MARÍA J. POLANCO INTERVIEW

July 2010

Nestled amidst les Gavarres, the final foothills of Catalonia’s coastal cordillera, lies the municipality of Monell, Cruïlles i Sant Sadurní de l’Heura. An acutely charmed locale, these mountains, where Josep Pla saw “elephantesque” shapes, are carpeted by a prototypical Mediterranean forest where we find Cork Oaks (used by the traditional and artisanal cork industry) and Holm Oaks, resplendent between the pure sky and an undergrowth of brush and young pines.

Sheltered by two of the forest’s hills, located in a remote and peaceful thicket, we come across the Sota els Àngels Estate vineyards, which seat beneath the mountain that lends its name to the winery and its excellent red wine, heralded by the most salient oenologists.

Eight hectares of luscious green, of gorgeous stocks that emit a flower-garden air, thanks to the virtues of biodynamic agriculture their owners and team of oenologists practice with devotion and care. This is a place of worship that brims with souks and ancient wisdom.

María Jesús de Polanco and her husband Guy Jones set aside their viticultural chores and come to greet us. Guy imparts an introduction on the enigmas of biodynamic agriculture, a means of farming derived from the theories of Rudolf Steiner, an Austrian philosopher and Goethe disciple, who defended thought as a realm of practical knowledge comparable to the senses.

When applied to agriculture, his ideas, which today have spread, in great part, to farms in India, the US and Australia, are based on a sustainable ecological system, while his theories predate the appearance of the term “organic”.

Aspects that include planting in accordance with the movement of the moon and the planets, or fertilising the land with scientifically prepared natural products, with a base of medicinal herbs native to the area and manure, are some of the keys that help this vineyard yield a crop worthy of more traditional wineries.

M Jesús takes a seat on an improvised porch adjacent to the state’s old Catalan farm house. In an effort to revive the grandeur of traditional architecture, they are restoring the house by recuperating practical, discreet elements such as the “badius” (arches formed by bricks laid in book form) and the unique structure of Baix Empordà rural houses.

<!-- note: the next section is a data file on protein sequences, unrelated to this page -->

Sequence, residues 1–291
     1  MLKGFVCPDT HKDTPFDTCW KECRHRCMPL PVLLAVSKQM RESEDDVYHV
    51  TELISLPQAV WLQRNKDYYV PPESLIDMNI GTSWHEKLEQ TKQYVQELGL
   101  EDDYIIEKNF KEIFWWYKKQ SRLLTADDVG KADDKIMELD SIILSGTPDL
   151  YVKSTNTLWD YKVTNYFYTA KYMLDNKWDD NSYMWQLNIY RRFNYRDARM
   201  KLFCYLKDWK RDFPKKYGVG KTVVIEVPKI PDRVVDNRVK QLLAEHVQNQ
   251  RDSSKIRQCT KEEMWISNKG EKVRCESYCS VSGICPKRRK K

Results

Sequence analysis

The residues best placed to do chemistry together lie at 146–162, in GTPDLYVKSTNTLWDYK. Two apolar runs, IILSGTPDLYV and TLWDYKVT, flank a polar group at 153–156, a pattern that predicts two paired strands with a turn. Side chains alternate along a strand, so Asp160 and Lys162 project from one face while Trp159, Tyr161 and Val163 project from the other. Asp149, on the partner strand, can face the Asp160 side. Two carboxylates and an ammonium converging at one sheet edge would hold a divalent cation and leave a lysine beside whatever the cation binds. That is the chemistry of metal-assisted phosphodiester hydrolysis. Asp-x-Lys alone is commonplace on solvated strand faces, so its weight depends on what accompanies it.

The vineyard stroll has warmed us. Thus, resting in front the old Holm Oaks, as in time had come to a halt, we are able to appreciate the inviting beauty of the Empordà twilight still more.

How did a photographer and journalist from Madrid end up here and decide to start making wine?

 

Well, you see, after a stressful stint working as a journalist, I felt I needed something else, something like de need to express myself in a different way, so I decided to go and study photography in the US. After the course I found work in the world of film production, and while I was one of the people who managed to get the “Too Much” project off the ground, the one Antonio Banderas launched in Hollywood, I realised the whole thing was still to crazy: work, work, work, and hardly any time to discover what I felt I needed to express. Several years later, I was asked to be godmother in the baptism os one of my best friend’s sons, who lived in London, and that’s where I met the baby’s godfather: none other tan Guy.

How romantic. You were meant to be.

Well, I think things happen when they’re supposed to happen. I went to the US to study, and I ended up finding the rest of my life. We settled down in northern Wales, Guy’s birthplace, but England ended up being too uptight for me. I couldn’t adapt to such a traditional, closed society, so we started looking for a place where we could start a new life together. Our son had been born by then, so we needed to establish roots somewhere.

Coming from northern Wales, how did you wind up in a country house in “les Gavarres”?

Truth be told, we looked at Majorca initially, but didn’t find anything that seriously grabbed our attention. Conversely, this was the first house we saw in the Empordà, and while we kept on looking, nothing else came close; we had found the right place here in this marvellous spot, and we launched ourselves head first into the vineyard and winery project. It’s funny, never before in my life, neither here nor there, I been as rooted as I am in this place.